Way too underrated and known from bringing poetry to progressive metalcore and mathcore fusion, Odessa based THE NIETZSCHE have outdone themselves with their latest EP “Finals”, which sadly marks their final offering. Their new record takes us into the wilderness of their own mixture of styles and just like their pioneers’ landmark works, it pushes the boundaries of musical forms and perfects the fierce, yet very smartly crafted intensity of their unique style.
It’s a rare feat for a mathcore jam to paint a picture that’s broad but powerful at the same time, but these guys have done it here. Again. And supposedly for the last time. We caught up with THE NIETZSCHE to once again give nod to their amazing work and give you 10 things that inspired “Finals”! Play it loud and read up the first-hand commentary below.
10 things that inspired Finals.
The concept of this band has always been to hang out together more. We are all past our youth ages, so it’s an adult routine life for us. But not with this band. We get to act childish again, to have fun, to let it all go. I believe that this is the greatest inspiration we had recording Finals. and you can actually hear it.
Yeah, it’s all about mathcore, baby! We’ve started making music because we loved the genre. I’ve always been a big fan of The Dillinger Escape Plan starting with the Mike Patton EP, and it warms my heart that many of our fans heard this influence right off the bet. Five years ago when we started this band it was the most innovative genre, not so much right now. But still there is lots of great bands old and new that are still making amazing mathcore music.
First off, let me explain. All this poetry thing began with me being too lazy to write any lyrics for this band. But eventually it became more that this. The challenge and the idea of using someone else’s poems as lyrics, famous poems by legendary poets is exhilarating. Putting other man’s words into our music is like giving it more than one meaning, it adds different levels of perception.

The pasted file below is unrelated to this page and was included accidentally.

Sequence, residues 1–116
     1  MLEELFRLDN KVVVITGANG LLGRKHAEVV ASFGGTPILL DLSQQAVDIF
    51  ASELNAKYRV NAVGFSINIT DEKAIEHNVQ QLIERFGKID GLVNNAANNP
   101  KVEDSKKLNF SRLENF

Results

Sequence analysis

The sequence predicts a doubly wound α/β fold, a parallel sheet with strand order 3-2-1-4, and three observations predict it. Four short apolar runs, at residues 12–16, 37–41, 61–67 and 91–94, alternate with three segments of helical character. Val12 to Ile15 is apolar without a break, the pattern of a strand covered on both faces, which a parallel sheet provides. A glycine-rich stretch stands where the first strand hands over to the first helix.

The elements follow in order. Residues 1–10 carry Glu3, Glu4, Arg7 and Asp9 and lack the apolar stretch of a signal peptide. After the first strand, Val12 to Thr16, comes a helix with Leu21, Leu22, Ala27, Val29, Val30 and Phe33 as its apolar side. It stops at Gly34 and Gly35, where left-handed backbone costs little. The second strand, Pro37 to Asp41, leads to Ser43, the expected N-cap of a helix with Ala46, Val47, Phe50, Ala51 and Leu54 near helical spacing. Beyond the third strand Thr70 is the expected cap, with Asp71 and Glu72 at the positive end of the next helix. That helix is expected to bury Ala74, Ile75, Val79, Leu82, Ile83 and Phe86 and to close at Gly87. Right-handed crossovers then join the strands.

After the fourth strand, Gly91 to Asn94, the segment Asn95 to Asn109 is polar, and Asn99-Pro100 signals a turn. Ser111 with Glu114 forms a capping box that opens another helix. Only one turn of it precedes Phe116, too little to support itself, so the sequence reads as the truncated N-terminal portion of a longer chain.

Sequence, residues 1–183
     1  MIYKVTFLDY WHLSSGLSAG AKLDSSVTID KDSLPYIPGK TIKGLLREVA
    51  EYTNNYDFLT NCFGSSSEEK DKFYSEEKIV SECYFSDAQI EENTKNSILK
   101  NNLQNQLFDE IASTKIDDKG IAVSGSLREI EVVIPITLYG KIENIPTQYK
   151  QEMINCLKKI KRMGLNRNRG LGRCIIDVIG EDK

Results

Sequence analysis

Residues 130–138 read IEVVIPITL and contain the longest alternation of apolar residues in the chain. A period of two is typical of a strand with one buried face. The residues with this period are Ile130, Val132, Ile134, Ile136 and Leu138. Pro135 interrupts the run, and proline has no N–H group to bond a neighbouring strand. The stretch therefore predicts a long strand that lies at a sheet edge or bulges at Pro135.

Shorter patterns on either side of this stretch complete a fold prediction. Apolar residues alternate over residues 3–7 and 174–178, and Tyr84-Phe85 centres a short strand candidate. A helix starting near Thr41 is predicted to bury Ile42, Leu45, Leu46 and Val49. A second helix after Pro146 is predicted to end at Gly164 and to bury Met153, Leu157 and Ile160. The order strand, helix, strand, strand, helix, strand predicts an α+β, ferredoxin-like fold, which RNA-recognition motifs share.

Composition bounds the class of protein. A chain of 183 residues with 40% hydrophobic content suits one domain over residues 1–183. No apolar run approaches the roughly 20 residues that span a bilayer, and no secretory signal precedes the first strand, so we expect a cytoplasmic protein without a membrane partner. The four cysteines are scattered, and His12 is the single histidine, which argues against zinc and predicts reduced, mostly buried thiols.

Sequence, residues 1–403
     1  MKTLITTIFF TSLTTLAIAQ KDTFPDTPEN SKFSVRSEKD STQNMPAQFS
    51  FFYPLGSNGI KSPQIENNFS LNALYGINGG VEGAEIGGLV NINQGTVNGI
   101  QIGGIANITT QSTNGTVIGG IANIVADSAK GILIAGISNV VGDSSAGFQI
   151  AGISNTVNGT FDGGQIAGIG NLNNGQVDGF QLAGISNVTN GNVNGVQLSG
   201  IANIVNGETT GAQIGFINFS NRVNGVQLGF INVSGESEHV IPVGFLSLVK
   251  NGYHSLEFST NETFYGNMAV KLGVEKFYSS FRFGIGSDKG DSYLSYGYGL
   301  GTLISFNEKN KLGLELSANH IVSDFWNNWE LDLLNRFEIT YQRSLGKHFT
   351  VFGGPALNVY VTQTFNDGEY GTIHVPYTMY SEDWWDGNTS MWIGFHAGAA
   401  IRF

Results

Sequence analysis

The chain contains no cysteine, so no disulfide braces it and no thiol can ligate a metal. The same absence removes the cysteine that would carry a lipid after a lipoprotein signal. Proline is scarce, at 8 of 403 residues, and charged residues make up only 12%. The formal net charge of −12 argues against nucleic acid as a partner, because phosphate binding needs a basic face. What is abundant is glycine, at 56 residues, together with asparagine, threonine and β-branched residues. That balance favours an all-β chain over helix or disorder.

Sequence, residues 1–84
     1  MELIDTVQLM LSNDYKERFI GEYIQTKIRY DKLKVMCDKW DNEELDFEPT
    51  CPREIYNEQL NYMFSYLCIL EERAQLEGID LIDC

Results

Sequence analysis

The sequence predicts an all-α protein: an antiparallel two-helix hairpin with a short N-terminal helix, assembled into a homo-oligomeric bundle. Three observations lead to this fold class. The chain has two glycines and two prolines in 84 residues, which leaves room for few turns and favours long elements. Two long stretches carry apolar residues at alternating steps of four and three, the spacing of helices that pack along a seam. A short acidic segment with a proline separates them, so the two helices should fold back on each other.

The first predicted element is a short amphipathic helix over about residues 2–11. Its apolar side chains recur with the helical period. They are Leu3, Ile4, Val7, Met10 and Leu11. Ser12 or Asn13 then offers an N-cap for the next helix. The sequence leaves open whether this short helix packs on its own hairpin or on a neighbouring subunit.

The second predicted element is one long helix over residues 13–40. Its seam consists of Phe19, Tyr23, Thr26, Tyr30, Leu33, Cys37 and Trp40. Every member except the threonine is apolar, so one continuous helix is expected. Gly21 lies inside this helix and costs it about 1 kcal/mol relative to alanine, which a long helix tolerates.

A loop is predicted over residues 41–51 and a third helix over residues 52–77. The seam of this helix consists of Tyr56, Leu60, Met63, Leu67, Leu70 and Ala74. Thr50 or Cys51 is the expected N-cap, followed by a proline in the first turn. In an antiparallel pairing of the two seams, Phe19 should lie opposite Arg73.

By saying metalcore I mean Converge. Some may even say we’re biting their stuff, we don’t care. This band is life, and even we could manage to plagiarize their music, then it would mean we’re not that bad musicians after all. But no, we just love them too much.
It’s all about parties, you know. Every gig, every practice ends with it. We drink, we dance, we have terrible hangovers in the morning. It’s all part of the process.
We discovered this genre with Every Time I Die way back in the days. A lot of the awesome music was released in that scene. We just love this feel of being careless and drunk that is pouring through the southern rock and hardcore music. There is always some strange sense of ease present in the riffs, it just gets us.
I think you can just look at us on stage. I mean the costumes, it’s ridiculous.
Ukrainian Metal Scene
For the last couple of years I’ve been thinking about the Ukrainian metal scene a lot. It’s growing, it’s developing, it’s becoming more and more confident. I think we’re in the endless cycle of self-inspiring each other and making ourselves better. The sense of camaraderie and brotherhood is really strong in us, we really appreciate this.
We’re basically communicating with memes nowadays. All of our Facebook page is full of the dankest memes you can find, we’re really proud of it.
Vasyl it the last song on our last EP, it’s gotta mean something. Vasyl Stus was Ukrainian poet repressed by Soviet regime, and starved to death in the Russian prison. His story means a lot to me, this is the conviction I hugely admire.